Lucy's treatment took place within City of Hope's Toni Stephenson Lymphoma Center, which advances patient-centered science and speeds discoveries to people who need cures now. Supported by a generous gift from the Stephenson Family, the center brings together renowned researchers, state-of-the-art facilities, novel studies and clinical trials under a central organization that facilitates scientific discovery. These lifesaving advances result in more powerful therapies and cures for people battling all forms of lymphoma. Each year, more than 250 patients with lymphoma are enrolled in clinical trials at City of Hope. 

Shocking Results

The plan was for Fan to have eight cycles of the treatment, coming in for one session every three weeks.
"When patients are receiving this kind of immunotherapy, they come in for an intravenous infusion of the antibody drug. Afterward, they are observed for a few hours to see if there is any adverse reaction. That’s really it,” Budde said.
Initially, Budde was shocked by Fan’s results.
"Lucy's case was very interesting," said Budde. "There was a lot of fluid around her left lung before the treatment, and that fluid had a lot of lymphoma cells. It is called malignant fluid. When she got the immunotherapy treatment, the fluid actually increased at first and her breathing got worse, so we thought the treatment wasn't working. We considered switching to chemotherapy, but then working with together Dr. Joo Song, my wonderful pathology partner, we tested the fluid and found a ton of T-cells — her immune cells.
“It was really amazing,” Budde continued. “I was shocked, because I thought her cancer was progressing. We didn't have enough experience at the time to know that more fluid doesn't necessarily mean the treatment isn't working. This showed us that something was going on, and her immune system was activated or ticked off at the lymphoma cells. So, Lucy got a little worse at the beginning, but then, she got better."

Sidelining Side Effects

And this time around, Fan only experienced minimal side effects during her treatments.
"Lucy had some low-grade fevers," said Budde. "Some people describe their reaction to this as being like a really bad cold. This is a targeted and specific therapy, by redirecting the T cells to the tumor cells with the target. So, there are very minimal or no bystander side effects like significant nausea, vomiting or hair loss."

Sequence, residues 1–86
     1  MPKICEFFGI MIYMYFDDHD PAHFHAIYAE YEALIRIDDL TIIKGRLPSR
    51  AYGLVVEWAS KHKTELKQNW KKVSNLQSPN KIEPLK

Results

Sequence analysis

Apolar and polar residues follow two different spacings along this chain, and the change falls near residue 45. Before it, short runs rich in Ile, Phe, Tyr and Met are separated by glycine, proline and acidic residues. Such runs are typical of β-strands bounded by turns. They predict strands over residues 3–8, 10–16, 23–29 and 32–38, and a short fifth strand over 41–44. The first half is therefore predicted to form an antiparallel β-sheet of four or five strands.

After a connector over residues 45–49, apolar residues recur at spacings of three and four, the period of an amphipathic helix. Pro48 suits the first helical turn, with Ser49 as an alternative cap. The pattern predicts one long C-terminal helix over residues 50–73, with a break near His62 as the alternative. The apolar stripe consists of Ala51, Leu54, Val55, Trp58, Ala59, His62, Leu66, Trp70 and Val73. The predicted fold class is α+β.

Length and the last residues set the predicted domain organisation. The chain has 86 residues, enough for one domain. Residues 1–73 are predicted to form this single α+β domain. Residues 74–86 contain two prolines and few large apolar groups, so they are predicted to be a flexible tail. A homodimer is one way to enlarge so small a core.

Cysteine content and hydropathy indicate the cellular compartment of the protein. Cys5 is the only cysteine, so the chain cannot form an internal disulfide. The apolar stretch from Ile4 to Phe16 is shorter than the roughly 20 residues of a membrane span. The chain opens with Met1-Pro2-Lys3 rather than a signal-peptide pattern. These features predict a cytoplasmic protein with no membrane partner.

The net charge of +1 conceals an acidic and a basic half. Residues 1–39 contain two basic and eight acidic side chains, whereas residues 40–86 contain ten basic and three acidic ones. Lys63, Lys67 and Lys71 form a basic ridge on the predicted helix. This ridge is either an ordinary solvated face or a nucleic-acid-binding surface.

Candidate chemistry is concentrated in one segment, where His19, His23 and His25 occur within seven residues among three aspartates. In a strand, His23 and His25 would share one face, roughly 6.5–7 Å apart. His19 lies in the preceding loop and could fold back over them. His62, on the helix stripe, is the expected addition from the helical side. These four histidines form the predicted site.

Unlike the chemotherapy that Fan despised, this immunotherapy didn't dampen her spirits one bit.
"The treatment was really easy. It was no big deal. They just inject the medicine, and that's it. The process was perfect," said Fan.
Fan was also able to take advantage of City of Hope’s multidisciplinary approach to care. While undergoing immunotherapy to treat her cancer, she also received cardiovascular care in the same place, eliminating the need to see multiple specialists at different locations.
Over time, Fan’s results steadily continued to improve.
"Lucy actually entered complete remission after five cycles — the first City of Hope patient to do so. When I saw her for cycles six and seven, she just looked so good like a normal healthy person.” Budde marveled.
“She came in with her makeup done and nice clothes on. She told me that she has many, many beautiful clothes she likes to wear. And after her last cycle, she invited everyone to dim sum."

‘It’s Really Unbelievable’

For Fan, her time at City of Hope restored her faith in the medical community. She is healthy, feels great and couldn't be happier that she decided to go on the trial.
"I think this new medicine is really, really good. It rescued me. It's really unbelievable," Fan exclaimed.
"City of Hope is a very good hospital. Everyone was very, very nice — so happy. Everyone treated me like family. I'm so glad I came there. I'm so glad I found you. I feel very lucky."
Budde is thrilled with Fan’s response to the immunotherapy and encouraged by the other results she sees coming out of the study.
"We are very pleased," she said. "Moving forward, we hope to see the drug going down the path to get FDA approval, and I think we will get there. It’s looking really good and we are proud to be part of the process.”